5 minutes with Amy Glade


At 88 years young, Queensland woman Amy Glade says she is “trying” to retire from volunteering, albeit with limited success.

  • Autumn 2020
  • Members

The winner of Redland City Council’s 2019 Australia Day Award for Environment and Sustainability, the indomitable Amy Glade informed all the groups she had been involved with over the years that she had officially retired from volunteering work, on the occasion of her last birthday.

“Needless to say,” she adds, “I am still planting trees in my local park. I’ve also just agreed to help a local lady who is running for election. She’s really a good person and she’s hoping, given that we've lost 90 per cent of Redland koalas to development, to create a kind of sanctuary or hospital for them, because there is no legislation to preserve their habitat.

“I have been shot down by council over and over on these issues, as they sit back and watch them disappear, and I’m hoping this lady can follow through on her ambitions. I can’t seem to extricate myself from what’s going on.”

Having lived in Capalaba for the past 30 years, Amy’s contribution has already been recognised through the installation of tribute seat in an Elmhurst Street park.

Her efforts there began in 1986 with the planting of trees and shrubs after a neighbour complained the lack of shade and play equipment meant she wasn’t able to enjoy the space with her grandchildren.

“There was nothing there but a pair of swings, and a slide with a shovel of sand with glass in it at the bottom. I was appalled at what I saw—the trees had all been cut down. Eddie Santagiuliana, first elected mayor of Redland Shire, allowed me to work directly with council employees and make things happen. That was the beginning and it progressed from there.”

The people's advocate


Amy spent almost 20 years living and working in Canada, Washington and New York, including at the Permanent Mission of the United Arab Republic to the United Nations during the Six-Day War. She says that spending time on herself is “difficult”.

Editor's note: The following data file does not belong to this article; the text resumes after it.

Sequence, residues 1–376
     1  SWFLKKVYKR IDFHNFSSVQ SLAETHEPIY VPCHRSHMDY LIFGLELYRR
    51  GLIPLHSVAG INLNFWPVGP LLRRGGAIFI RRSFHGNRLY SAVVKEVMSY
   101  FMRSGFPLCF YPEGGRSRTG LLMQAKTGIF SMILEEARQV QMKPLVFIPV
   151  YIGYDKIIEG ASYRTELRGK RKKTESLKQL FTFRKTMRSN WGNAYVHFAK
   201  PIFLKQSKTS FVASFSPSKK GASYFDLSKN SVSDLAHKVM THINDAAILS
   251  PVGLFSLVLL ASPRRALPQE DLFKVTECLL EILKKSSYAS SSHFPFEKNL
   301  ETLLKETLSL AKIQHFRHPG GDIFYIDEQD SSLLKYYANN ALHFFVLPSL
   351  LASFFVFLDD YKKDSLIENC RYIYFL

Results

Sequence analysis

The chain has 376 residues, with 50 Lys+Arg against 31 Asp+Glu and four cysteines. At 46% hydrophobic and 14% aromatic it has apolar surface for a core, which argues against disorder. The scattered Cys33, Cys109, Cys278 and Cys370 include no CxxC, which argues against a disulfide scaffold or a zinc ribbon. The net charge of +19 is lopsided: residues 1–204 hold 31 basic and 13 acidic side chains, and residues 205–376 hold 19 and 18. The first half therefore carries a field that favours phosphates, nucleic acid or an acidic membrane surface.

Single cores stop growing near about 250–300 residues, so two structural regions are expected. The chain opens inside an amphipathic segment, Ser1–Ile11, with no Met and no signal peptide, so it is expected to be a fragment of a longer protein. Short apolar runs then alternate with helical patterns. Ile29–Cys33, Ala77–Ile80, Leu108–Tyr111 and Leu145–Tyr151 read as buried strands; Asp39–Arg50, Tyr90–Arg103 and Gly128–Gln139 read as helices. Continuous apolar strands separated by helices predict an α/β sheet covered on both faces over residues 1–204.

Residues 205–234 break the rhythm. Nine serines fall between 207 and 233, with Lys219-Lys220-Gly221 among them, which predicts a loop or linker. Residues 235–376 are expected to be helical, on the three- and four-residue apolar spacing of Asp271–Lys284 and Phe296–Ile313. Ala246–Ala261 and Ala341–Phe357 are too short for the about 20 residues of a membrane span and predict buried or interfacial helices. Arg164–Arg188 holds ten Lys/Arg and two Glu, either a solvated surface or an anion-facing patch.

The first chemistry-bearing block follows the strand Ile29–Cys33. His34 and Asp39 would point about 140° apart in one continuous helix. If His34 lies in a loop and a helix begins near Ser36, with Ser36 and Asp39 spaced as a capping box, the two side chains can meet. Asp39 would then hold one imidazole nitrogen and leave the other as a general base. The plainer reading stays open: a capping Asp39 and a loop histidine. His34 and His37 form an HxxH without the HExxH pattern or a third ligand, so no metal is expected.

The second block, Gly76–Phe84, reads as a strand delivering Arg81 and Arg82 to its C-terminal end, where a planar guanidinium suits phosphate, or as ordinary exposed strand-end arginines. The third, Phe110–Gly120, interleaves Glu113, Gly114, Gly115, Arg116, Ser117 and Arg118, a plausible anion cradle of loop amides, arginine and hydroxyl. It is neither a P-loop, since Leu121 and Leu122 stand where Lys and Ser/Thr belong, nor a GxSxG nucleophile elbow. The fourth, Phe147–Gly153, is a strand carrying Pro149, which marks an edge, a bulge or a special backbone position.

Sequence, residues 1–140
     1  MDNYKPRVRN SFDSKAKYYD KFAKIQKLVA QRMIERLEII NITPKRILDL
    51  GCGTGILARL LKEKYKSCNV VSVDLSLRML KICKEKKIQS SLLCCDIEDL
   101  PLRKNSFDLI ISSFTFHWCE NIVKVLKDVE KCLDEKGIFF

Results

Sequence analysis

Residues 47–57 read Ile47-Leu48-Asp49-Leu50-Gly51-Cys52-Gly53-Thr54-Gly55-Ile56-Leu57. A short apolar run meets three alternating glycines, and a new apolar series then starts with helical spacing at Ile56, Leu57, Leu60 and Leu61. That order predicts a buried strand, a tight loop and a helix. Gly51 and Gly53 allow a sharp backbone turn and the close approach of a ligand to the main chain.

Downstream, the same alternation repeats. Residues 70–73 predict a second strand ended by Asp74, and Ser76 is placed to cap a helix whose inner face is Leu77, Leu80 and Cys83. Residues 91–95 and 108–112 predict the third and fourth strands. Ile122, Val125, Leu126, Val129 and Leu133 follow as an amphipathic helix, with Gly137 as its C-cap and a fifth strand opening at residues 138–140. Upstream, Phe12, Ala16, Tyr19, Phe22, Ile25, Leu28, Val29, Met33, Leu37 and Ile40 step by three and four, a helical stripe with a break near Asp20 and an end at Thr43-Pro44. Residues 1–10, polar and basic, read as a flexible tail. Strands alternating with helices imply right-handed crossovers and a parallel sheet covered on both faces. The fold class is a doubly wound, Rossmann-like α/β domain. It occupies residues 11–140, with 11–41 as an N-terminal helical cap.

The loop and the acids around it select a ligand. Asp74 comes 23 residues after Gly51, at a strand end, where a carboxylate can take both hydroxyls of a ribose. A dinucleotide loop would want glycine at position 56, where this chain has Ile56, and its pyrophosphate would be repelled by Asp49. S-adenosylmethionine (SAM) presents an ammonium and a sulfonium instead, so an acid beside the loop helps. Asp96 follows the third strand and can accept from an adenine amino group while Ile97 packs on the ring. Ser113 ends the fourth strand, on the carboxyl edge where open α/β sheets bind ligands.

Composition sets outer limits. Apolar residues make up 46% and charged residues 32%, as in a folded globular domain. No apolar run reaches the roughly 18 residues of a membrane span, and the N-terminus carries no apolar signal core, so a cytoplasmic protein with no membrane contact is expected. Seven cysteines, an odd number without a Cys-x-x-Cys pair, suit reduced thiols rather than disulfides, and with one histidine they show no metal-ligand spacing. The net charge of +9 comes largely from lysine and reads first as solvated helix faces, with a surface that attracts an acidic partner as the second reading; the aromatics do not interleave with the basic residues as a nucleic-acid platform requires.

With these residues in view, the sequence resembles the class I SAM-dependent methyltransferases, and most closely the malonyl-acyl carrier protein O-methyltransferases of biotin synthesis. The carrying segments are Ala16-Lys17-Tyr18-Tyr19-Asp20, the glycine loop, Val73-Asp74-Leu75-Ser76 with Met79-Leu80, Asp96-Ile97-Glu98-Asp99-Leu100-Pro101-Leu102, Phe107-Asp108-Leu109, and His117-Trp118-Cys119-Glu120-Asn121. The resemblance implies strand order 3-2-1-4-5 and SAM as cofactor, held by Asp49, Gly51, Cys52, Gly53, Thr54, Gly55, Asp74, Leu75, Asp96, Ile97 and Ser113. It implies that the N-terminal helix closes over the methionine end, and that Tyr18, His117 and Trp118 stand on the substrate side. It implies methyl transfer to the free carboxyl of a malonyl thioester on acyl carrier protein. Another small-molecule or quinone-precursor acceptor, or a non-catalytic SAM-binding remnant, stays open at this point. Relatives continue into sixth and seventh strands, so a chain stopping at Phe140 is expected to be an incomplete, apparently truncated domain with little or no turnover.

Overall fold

“I say I’m retired from volunteering but, in reality, I’m 88 and I’m still doing it. I've never said ‘no’ to anyone who has knocked on my door, asking for help. I’ve had complete strangers turn up seeking my support with their problems with council,and I’ve always done my best for them,”she says.

Amy’s commitment to the Redlands community even saw her donate commemorative ‘lunar module’ earrings from the United States space program to raise funds for Redlands 2030—a not-for-profit association challenging local government and planning practices in Redland City.

“The association’s fundraising function fell on the anniversary of the day Neil Armstrong set foot on the moon. The earrings were gifted to me by a scientist attached to the space program; I received a call from Cape Canaveral asking if I would like earrings, and did I prefer gold or silver. I decided I had held on to them long enough and it was time to pass them on."

Despite years of work to stop waste ending up in creeks, volunteering with Valentine Road Park Bushcare, helping establish the Keith Street Reserve, Koala Action Group, Birkdale Progress Association and Wildlife Preservation Society Bayside branch, Amy is saddened by the state of the local environment and native wildlife population.

“I’ll keep writing letters and agitating for as long as decisions are made behind closed doors—decisions that aren’t in the best interests of our community and our environment. I don’t think I have it in me to sit back and let it happen."


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